KANKAKEE, IL. (ECWd) –
The City of Kankakee held a meeting on July 15, 2019, in which one of the items up for a vote, and listed on the agenda, was “Approval of Settlement regarding Fonder v. Martinez.”
Alleged OMA Violation
After Executive (Closed) Session of the City Council, it returned to open session and voted to approve the settlement. The City did not provide any comment other than the Motion to approve the settlement in Fonder v. Martinez. Watch video of this vote below.
At a minimum, in our opinion, the City should have disclosed any moneys to be paid or other consideration in the settlement.
The Open Meetings Act, Section 2(e) requires that a vote by a public body must “be preceded by a public recital of the nature of the matter being considered and other information that will inform the public of the business being conducted.” See Allen v. Clark County Park District Board of Commissioners, 2016 IL App (4th). Also see Board of Education of Springfield School District No. 186 v. Illinois Attorney General, 2017 IL 120343, IL Sup Ct.
I filed a Request for Review with the Illinois Attorney General’s Public Access Counselor for them to review this alleged violation of the Open Meetings Act.
Alleged FOIA Violation
Not hearing any of the settlement terms in the meeting video, I submitted a FOIA request for a copy of the settlement voted on during the meeting.
The response to our FOIA request was late, and then denied, with the city stating they did not possess any settlement entered into that pertained to my FOIA request.
Kankakee is playing word games in order to buy time, for what reason we don’t know. But we do know there is a difference between “voting to approve” a settlement and “entering into” a settlement. Why Kankakee insists they don’t have a copy is unknown, because it was voted on and approved at the meeting, we find if hard to believe they would sign the only copy available and give it to someone else…not even the Mayor, Aldermen, or the city attorney kept a copy (according to the FOIA officer).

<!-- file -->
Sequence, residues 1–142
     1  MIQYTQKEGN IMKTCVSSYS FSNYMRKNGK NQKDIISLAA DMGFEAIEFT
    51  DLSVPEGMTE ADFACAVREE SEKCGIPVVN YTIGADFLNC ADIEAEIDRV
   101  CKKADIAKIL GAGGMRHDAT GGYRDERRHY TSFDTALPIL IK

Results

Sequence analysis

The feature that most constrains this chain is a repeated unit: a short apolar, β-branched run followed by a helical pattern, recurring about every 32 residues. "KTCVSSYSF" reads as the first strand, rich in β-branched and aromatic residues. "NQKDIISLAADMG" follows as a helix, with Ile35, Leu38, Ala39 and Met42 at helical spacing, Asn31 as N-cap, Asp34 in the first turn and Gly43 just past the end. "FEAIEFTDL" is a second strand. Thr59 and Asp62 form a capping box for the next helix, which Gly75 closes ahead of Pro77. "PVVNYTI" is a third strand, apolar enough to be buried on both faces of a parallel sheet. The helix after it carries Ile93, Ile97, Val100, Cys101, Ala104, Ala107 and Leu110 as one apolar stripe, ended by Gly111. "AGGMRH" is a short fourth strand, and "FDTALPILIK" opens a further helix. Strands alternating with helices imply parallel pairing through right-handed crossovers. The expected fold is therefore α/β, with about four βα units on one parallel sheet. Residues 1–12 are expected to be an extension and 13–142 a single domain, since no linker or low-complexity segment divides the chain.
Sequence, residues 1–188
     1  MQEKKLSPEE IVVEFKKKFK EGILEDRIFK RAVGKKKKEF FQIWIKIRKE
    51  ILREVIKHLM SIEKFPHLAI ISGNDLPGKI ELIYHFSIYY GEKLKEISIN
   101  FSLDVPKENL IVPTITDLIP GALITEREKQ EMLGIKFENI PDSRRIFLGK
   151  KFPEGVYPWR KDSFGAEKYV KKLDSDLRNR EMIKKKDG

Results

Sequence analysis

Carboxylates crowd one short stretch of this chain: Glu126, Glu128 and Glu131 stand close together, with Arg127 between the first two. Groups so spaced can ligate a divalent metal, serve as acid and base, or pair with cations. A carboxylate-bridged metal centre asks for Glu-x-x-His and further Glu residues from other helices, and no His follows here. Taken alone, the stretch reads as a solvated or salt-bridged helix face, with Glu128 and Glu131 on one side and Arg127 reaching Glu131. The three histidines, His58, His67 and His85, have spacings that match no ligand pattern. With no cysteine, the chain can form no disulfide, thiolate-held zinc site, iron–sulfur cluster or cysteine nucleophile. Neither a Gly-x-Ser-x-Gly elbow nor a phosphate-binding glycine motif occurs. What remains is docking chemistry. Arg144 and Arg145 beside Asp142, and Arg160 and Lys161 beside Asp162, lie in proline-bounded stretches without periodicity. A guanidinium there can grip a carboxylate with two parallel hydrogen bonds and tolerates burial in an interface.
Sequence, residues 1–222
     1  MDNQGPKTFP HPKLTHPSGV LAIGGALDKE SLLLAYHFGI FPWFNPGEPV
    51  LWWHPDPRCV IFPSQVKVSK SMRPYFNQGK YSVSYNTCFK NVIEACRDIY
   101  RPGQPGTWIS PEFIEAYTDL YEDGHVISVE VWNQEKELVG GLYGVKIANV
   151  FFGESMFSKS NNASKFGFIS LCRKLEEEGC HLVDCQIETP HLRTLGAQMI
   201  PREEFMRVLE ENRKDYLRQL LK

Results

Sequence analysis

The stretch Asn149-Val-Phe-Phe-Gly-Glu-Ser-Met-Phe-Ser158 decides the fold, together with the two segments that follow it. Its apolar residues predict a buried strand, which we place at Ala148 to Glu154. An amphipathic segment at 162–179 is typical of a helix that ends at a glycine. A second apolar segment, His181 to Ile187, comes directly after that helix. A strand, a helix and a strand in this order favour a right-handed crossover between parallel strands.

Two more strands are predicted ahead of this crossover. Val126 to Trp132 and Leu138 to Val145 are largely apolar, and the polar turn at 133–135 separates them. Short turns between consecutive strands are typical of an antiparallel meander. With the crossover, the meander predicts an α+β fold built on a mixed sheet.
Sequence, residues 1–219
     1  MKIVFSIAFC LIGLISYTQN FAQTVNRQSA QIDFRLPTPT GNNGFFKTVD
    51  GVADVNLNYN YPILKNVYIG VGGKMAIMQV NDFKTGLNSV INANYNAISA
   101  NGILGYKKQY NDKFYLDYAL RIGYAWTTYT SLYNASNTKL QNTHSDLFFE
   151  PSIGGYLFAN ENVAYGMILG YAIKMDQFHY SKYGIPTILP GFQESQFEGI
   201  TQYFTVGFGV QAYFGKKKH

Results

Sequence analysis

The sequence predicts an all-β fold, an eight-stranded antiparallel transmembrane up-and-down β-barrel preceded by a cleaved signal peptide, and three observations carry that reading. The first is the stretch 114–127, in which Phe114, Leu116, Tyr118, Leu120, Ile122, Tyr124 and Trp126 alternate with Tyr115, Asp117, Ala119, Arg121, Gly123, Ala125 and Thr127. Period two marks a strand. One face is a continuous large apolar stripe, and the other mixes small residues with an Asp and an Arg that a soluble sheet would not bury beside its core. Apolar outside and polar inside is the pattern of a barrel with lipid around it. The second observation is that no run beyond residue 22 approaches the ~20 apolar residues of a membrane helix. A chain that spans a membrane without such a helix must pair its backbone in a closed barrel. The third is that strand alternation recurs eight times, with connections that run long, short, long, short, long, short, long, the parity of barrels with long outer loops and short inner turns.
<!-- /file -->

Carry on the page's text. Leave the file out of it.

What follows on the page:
We call this what it is, a false representation to a FOIA requester.
We are still deciding whether to file a lawsuit for a copy of this settlement.
PriscillaPosted at 18:22h, 28 July
But the Illinois Supreme Court’s decision last year in Board of Education of Springfield School District No. 186 v. Attorney General, 2017 IL 120343 makes the recitation made by the Mayor sufficient, don’t you agree? Not saying that the Court got it right, but it does have the final say.
jmkraftPosted at 19:31h, 28 July
I would say no, because (in the Springfield decision) paragraph 8 of the Sup Ct decision acknowledges there was a copy of the resolution and separation agreement posted online for people to read, and they read the resolution out loud prior to the vote.
Michael HagbergPosted at 09:19h, 29 July
I’ve had the same issue at Belleville City council meetings. I was told I could FOIA the information.
I feel that the motion should state Who, What, Why and How Much.
Christian SmithPosted at 12:01h, 29 July
This is the same City that claimed the Mayor doesn’t have cell phone bills. This the same administration that won’t release a schedule of any part. The same administration who hid from the Illinois State Police regarding its Chief.